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Free Resources for Deaf and Hard of Hearing Children

Updated on August 15, 2011

Knowing Where to Turn

When a child is born deaf or hard-of-hearing, there is an adjustment process for the parents: over 90% of deaf children are born to hearing parents. Parents are faced with overwhelming decisions: which way to communicate, where to find the right resources, and how to afford hearing aids, which are generally not covered by medical insurance.

There are many free resources and educational items available for parents and children. This article aims to provide a comprehensive list of free educational resources, support, and products for deaf and hard-of-hearing children.

The John Tracy Clinic

Founded in 1943 by Louise Tracy (the wife of actor Spencer Tracy), the John Tracy Clinic has been offering parents quality information on raising deaf and hard-of-hearing children for years. All of the material offered by the clinic is absolutely free, and the website offers an "ask the audiologist" feature for parents confused by testing results.

The Clinic also offers a free international correspondence course. Parents are mailed a series of lessons and follow the curriculum at home with their infants and preschoolers. Upon completing a report on the child's response to the lessons, the parent is provided with feedback from the world-class staff at the clinic.

A free preschool summer session is also available, providing an amazing educational opportunity for parents and children. The summer course lasts for three weeks, and is entirely free of charge. Parents must pay for lodging and food for the course of the trip, but subsidized housing at the nearby Annenberg Apartments is available (part of the USC campus).

The Dreams Made Real Parent's Kit
The Dreams Made Real Parent's Kit

Dreams Made Real Parent Kit and DVD

For parents considering a spoken communication path, a parent kit is available from the Oral Deaf Education Organization. The kit includes a 23 minute DVD, a five-year follow-up film, and a 60 minute long original film titled "Dreams Spoken Here."

The kit also includes a parent handbook for making communication choices, article reprints, and a suggested reading list. The parent kit is entirely free and will be mailed to a residence or downloaded from the website.

Hearing Health Magazine

A quarterly publication, Hearing Health Magazine is entirely free. Articles range from exploring new technology to personal stories from people who are deaf or hard-of-hearing. This magazine is part of the Deafness Research Foundation, and is also available for electronic download from the website.

ASL Worksheets and Coloring Pages

Your Dictionary offers a listing of free ASL worksheets, lesson plans, and coloring pages. In addition, a link to Gallaudet's ASL alphabet font is provided. ASL is a language and cannot be learned from a set of documents, but the worksheets and coloring pages are a wonderful introduction for young children. The material can also be used with classmates to provide a basic understanding of sign language and how communication can occur without sound.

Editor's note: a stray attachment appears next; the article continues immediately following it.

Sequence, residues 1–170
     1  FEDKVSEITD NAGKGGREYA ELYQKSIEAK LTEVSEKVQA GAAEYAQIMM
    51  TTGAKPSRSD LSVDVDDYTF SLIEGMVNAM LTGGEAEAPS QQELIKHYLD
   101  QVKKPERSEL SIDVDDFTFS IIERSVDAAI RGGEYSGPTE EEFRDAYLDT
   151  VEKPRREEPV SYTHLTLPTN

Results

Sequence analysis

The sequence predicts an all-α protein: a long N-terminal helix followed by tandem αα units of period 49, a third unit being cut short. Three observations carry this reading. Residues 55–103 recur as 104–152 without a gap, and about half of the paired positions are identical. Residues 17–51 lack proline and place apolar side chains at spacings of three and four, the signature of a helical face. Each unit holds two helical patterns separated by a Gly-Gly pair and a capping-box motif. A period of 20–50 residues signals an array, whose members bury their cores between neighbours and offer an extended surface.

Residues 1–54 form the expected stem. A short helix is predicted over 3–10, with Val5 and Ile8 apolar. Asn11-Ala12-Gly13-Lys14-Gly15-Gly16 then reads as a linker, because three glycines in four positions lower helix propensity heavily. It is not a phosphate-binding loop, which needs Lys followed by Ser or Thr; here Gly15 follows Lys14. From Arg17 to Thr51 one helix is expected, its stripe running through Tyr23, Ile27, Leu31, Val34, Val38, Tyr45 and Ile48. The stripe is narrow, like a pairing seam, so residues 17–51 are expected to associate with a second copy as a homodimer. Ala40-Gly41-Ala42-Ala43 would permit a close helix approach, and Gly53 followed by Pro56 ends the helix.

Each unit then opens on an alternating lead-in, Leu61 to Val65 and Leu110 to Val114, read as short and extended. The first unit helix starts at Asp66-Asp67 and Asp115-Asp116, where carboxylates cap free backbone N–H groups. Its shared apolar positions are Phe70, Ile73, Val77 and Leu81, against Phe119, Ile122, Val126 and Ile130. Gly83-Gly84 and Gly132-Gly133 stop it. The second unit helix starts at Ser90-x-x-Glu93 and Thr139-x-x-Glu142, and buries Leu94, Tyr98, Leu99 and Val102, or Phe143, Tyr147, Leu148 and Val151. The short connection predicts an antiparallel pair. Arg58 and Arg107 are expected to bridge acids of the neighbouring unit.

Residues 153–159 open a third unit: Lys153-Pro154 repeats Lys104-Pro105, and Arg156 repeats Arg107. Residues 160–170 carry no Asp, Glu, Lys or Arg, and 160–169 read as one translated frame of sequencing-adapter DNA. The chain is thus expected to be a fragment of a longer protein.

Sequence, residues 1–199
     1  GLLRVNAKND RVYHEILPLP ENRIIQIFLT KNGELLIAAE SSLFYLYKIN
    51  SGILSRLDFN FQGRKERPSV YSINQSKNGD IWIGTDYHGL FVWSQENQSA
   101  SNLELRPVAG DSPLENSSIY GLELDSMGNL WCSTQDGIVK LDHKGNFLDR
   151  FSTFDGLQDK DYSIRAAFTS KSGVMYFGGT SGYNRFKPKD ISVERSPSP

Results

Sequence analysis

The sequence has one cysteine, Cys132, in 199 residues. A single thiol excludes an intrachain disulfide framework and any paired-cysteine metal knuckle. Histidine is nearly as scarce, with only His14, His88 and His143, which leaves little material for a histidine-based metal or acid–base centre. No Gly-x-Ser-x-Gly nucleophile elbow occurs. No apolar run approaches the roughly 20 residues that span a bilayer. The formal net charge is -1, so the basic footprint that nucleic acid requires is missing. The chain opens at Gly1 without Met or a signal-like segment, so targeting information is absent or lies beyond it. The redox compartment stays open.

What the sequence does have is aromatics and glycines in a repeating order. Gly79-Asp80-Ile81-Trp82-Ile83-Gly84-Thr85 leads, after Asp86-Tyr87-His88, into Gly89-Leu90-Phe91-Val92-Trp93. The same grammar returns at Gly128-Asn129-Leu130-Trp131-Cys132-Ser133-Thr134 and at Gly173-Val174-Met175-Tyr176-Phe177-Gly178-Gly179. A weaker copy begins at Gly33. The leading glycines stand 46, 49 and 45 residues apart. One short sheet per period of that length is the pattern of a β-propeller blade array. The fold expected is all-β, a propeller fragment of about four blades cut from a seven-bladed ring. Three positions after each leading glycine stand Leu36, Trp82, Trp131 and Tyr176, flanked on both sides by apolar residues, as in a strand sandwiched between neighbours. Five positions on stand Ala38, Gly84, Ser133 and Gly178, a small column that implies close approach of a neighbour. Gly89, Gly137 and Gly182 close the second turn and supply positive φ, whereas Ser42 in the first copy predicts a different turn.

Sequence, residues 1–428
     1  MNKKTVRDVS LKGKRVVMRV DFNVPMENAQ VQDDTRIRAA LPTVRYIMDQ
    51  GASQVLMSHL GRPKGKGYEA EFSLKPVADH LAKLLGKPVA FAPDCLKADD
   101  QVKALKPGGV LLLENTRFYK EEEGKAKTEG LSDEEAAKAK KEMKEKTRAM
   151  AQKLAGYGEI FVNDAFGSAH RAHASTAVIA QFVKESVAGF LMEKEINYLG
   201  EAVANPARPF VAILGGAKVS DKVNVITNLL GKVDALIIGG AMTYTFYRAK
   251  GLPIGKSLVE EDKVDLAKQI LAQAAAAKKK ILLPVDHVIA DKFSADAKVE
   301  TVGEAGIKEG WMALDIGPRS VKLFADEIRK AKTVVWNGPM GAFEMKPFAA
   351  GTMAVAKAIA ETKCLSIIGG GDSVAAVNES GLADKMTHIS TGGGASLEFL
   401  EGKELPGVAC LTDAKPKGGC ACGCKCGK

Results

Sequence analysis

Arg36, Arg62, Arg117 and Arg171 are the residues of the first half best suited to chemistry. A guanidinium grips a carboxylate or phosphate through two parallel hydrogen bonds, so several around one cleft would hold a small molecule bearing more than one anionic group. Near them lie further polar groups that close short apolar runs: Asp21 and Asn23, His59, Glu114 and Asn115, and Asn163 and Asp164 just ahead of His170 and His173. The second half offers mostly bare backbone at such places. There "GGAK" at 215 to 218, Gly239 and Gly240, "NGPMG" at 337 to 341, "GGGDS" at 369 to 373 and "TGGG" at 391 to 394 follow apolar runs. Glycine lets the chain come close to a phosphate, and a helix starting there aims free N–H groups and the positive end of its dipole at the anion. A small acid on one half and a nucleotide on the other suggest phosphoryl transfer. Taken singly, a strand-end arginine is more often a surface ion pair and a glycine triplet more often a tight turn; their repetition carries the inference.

Financial Assistance with Hearing Aids

Parents often find it a shock when hearing aids are not covered by medical insurance. With a price tag of approximately $5,000 for quality digital hearing aids, parents often scramble for funding in the attempt to give their baby access to sound as early as possible.

The Hearing Loss Association of America offers a full listing of financial resources to aid families searching for a way to fund a hearing aid purchase.

The Lions Club has initiated the Affordable Hearing Aid Project, and many local Lions Clubs are willing to aid families in acquiring hearing aids.

The John Tracy Clinic: The Best Free Resource


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    • leahlefler profile image

      Leah Lefler 5 years ago from Western New York

      Say Agaid, there are options for those with conductive hearing loss - a bone anchored hearing system might work well to suit your needs. I would try to get in to see an ear, nose, and throat doctor (ENT) to discuss your options. Air conduction hearing aids might also work if you need them - I would see a licensed audiologist and an ENT at your earliest convenience.

    • profile image

      Say Agaid 5 years ago

      hello there! I had a chronic otitis media before. my doctor said that both my eardrums are nearly to totally damaged, and a bone inside my ears got thicker. I can hear except when someone is whispering, I can't clearly understand it. is there any surgical solution for this please? cause i don't want to use hearing kit if possible. please email me Thank you! please!

    • profile image

      Martin Zamora 6 years ago

      Well thought out missive. Gradual Hearing Loss is a very lonely experience as a lot of our elders experience hearing loss every year. Thanks for raising awareness.

    • leahlefler profile image

      Leah Lefler 6 years ago from Western New York

      I agree: everything is a help!

    • akirchner profile image

      Audrey Kirchner 6 years ago from Washington

      You can't have too many resources!

    • leahlefler profile image

      Leah Lefler 6 years ago from Western New York

      JTC is the single best resource for parents with deaf and hard of hearing children. We attended this past summer, and it was an incredible experience. Nolan whispered for the first time, and we got some clarity on his hearing loss characteristics. It was a wonderful experience!

    • cottontail profile image

      cottontail 6 years ago from Los Angeles, California

      My stepmother was a teacher at JTC for 20 years. It's a wonderful place!